The samurai of the early Edo period were known as much for their pursuit of art, beauty and learning as they were for their skill and ferocity on the battlefield. A prominent example is the great sword-saint Miyamoto Musashi (c. 1584 – 1645), writer, calligrapher and artist.
Aikido is sometimes described as the thinking person’s martial art. When the opportunity came to work with the fabulous Australian Brandenburg Orchestra we were eager to get involved. The company is well known for breathing fresh life and vitality into baroque and classical music. Their production Bittersweet Obsessions seeks to take this a step further. It’s very exciting to be able to present the beauty of aikido as both a cultural art and a devastating form of close combat to support the amazing local and international musicians performing Monteverdi’s Il combattimento di Tancredi e Clorinda.
Interestingly, Monteverdi and Musashi were contemporaries. Il combattimento was first produced in 1624, when Monteverdi was 57, living and working in Venice. Around the same time Musashi was 40 years old, living in Edo and applying for a position as sword master to the Tokugawa Shogun.
Musashi’s prowess as a warrior is undisputed. During his musha shugyō between c. 1604 and 1613, Musashi is said to have been undefeated in over 60 duels. Such was his mastery that he typically used a bokken in these encounters, even when his opponent chose to use a shinken.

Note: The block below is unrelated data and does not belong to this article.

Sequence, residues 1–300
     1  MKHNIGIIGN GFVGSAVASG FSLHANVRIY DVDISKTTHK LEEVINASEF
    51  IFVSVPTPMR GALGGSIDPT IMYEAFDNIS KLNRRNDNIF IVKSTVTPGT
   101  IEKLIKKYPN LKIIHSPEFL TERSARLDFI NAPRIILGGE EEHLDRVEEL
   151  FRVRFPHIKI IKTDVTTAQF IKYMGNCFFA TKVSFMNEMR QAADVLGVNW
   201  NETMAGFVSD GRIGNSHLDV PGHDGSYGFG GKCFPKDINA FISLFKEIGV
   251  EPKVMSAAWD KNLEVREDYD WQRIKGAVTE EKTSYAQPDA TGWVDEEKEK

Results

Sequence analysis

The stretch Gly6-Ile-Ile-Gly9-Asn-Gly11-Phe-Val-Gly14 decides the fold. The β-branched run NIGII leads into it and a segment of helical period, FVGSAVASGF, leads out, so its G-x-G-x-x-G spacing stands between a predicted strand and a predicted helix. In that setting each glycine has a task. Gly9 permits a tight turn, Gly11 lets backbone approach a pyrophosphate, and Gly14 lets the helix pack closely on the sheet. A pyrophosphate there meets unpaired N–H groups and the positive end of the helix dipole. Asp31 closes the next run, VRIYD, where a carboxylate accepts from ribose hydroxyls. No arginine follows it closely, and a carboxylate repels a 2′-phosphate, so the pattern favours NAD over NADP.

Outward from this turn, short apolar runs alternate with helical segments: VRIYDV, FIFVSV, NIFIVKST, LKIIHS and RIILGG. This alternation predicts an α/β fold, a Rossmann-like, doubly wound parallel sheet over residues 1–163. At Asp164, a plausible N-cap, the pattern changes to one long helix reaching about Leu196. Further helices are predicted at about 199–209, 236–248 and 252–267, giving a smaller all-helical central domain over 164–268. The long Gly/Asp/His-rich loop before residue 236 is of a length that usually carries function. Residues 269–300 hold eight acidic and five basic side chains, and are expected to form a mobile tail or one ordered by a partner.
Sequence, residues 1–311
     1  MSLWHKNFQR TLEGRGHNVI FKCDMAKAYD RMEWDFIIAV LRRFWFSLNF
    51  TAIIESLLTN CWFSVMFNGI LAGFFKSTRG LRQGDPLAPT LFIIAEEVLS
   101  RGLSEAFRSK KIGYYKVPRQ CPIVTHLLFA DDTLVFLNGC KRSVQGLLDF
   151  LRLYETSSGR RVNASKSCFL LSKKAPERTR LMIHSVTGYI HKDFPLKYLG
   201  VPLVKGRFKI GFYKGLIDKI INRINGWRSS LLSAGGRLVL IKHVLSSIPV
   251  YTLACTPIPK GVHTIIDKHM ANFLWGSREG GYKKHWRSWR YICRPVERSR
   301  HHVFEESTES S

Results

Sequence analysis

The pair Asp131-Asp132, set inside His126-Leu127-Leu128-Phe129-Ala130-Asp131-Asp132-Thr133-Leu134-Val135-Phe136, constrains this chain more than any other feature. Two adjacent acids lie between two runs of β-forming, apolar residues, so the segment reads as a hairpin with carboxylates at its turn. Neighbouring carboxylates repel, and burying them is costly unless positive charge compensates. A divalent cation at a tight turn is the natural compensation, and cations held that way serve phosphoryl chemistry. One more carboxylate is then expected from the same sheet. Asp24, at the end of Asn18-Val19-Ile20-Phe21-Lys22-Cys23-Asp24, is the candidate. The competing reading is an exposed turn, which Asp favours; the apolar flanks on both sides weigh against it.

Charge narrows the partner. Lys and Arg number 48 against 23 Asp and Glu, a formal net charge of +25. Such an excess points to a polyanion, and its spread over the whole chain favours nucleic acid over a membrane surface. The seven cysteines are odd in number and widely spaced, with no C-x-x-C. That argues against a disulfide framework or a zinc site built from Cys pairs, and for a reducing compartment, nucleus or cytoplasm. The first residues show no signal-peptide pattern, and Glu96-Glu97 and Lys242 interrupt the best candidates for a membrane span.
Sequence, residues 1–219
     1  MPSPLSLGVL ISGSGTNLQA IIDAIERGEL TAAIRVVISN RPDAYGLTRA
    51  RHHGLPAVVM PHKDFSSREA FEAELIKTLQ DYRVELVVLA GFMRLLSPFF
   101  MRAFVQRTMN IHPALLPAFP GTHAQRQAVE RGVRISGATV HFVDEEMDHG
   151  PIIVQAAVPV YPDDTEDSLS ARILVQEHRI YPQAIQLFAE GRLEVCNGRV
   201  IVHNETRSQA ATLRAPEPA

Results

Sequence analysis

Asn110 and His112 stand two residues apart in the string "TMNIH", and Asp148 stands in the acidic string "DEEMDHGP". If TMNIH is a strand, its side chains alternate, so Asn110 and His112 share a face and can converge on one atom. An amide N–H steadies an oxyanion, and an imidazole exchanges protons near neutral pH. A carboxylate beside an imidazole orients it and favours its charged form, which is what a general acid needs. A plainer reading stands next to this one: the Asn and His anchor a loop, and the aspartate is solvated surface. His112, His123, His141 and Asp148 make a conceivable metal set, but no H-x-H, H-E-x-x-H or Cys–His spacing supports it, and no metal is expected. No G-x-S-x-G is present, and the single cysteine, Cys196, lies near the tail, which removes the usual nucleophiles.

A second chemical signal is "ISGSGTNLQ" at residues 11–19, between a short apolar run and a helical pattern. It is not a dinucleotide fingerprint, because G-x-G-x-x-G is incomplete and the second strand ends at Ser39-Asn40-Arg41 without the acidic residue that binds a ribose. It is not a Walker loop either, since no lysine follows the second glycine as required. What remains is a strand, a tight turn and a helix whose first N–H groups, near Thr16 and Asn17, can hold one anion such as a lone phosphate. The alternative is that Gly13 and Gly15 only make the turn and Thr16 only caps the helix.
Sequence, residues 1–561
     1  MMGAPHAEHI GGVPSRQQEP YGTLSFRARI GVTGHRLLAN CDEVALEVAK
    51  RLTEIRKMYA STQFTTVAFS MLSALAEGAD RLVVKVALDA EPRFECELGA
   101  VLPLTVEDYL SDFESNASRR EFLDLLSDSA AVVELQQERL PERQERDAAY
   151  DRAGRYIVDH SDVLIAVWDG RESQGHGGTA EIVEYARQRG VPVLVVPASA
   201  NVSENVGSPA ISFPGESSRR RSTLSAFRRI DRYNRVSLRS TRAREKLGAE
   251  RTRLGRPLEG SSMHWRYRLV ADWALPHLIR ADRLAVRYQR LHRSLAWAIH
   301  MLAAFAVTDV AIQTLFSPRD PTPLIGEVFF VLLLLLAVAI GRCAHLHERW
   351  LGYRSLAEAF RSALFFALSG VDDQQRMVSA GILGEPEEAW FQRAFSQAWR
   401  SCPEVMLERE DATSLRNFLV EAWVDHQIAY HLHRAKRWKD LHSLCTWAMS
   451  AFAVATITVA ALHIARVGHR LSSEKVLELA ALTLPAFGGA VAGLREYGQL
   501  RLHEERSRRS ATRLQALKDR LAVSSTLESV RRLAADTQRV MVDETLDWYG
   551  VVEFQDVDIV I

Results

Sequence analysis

Musashi is famous as the author of the Book of Five Rings and other works on strategy. He is also known as a master of sumi-e. The scroll hanging in our dojo at Aikido in Sydney is a reproduction of one of his best-known works Shrike on a dead branch.
The tradition of the warrior-artist persists to this day. One of our more influential teachers, David Brown Shihan, makes violins and shakuhachi. Jim Nicholls, co-founder of the Great Ocean Aikido Community has been a visual artist longer than he has been a martial artist. From our own dojo, Bob Withers is an accomplished 2D and 3D artist whose family includes generations of artists and military personnel.
We’ve had a great time so far working with NIDA graduates director Constantine Costi, set designer Charlotte Mungomery and costume designer Genevieve Graham. We’re looking forward to commencing formal rehearsals later this week. If you have the opportunity to come and see the production we will be performing in Sydney and Melbourne from 25 October to 5 November. We’d love to see you there!